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During his Saturday Night Live performance over the weekend, Donald Glover aka Childish Gambino premiered two new songs; while on stage, he also did a live performance of the insanely powerful, highly choreographed and nuanced music video for one of the new singles, “This Is America,” and the internet is ablaze over it. The video masterfully contrasts the absurd and terrifying realities of modern life in the US for African Americans, specifically for black men, depicting a smiley, upbeat song with dance numbers and casual murders by firearm.

There’s a lot to unpack in this piece, but here are a few things we noticed you might have missed on a first viewing or would want to keep an eye out for if you haven’t watched it yet. The video starts out with a relatively jovial vibe, that is until Glover shoots his guitar player in the back of the head, which is already wrapped in canvas fabric as if he’s been prepared to be shot. Second, the way the guns are sanctimoniously handled after each shooting in the video (it happens twice) — they’re wrapped in red fabric, gently handled by a well-dressed man who brings them in and takes them away.

And the dancing, which happens throughout the video while instances of police brutality, gun violence, and riots occur, is almost certainly a metaphor for how America’s elite and our politicians keep their own agenda moving while dancing around the insanity going on in our country. The video, which ends with Glover running through a dark tunnel from an angry mob of white people, is terrifying and the look on his face in the final seconds is a total contrast between how he appears the rest of the video, which is a combination of satirical happiness punctuated with moments of unbridled aggression.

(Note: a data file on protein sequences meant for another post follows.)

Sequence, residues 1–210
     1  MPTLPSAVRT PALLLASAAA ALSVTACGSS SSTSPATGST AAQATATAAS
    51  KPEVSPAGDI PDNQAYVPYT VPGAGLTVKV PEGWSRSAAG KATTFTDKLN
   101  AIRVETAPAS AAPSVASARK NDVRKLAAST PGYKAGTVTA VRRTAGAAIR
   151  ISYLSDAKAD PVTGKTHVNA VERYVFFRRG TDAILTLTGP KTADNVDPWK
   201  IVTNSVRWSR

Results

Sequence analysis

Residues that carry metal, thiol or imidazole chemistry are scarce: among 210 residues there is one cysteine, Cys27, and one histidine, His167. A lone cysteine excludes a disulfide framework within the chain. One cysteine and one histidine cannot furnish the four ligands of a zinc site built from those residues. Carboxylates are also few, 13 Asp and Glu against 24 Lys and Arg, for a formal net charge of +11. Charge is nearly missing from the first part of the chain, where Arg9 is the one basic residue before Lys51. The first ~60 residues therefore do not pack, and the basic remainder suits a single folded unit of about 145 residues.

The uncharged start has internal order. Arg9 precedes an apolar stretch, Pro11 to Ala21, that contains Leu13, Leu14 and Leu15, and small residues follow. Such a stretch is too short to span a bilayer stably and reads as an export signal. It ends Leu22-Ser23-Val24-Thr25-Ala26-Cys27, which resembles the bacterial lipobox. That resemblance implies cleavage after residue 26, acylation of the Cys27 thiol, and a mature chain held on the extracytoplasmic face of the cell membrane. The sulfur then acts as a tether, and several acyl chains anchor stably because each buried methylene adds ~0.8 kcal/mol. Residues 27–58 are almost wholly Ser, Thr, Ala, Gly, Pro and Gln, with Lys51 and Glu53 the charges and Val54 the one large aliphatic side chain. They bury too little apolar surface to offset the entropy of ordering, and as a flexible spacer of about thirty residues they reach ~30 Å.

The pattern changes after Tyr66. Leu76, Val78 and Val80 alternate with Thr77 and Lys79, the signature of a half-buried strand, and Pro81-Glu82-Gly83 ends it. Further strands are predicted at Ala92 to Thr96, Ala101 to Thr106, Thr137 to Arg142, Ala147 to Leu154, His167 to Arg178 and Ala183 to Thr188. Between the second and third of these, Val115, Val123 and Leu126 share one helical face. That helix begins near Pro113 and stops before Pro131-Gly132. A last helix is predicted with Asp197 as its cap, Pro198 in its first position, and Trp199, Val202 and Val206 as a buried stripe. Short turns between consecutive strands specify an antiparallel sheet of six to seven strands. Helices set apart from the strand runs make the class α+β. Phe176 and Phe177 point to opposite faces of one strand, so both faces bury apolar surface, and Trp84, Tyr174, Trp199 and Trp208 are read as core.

“This Is America” is getting a ton of attention and rightfully so, racking up over 19 million views in its first 48 hours online and prompting a ton of think-piece analysis stories in major press outlets breaking down the narrative an symbolism. See it for yourself above and many thanks to Donald Glover for this brilliant work of art sparking deeply necessary conversation about this frightening point in American history none of us want to be living in.

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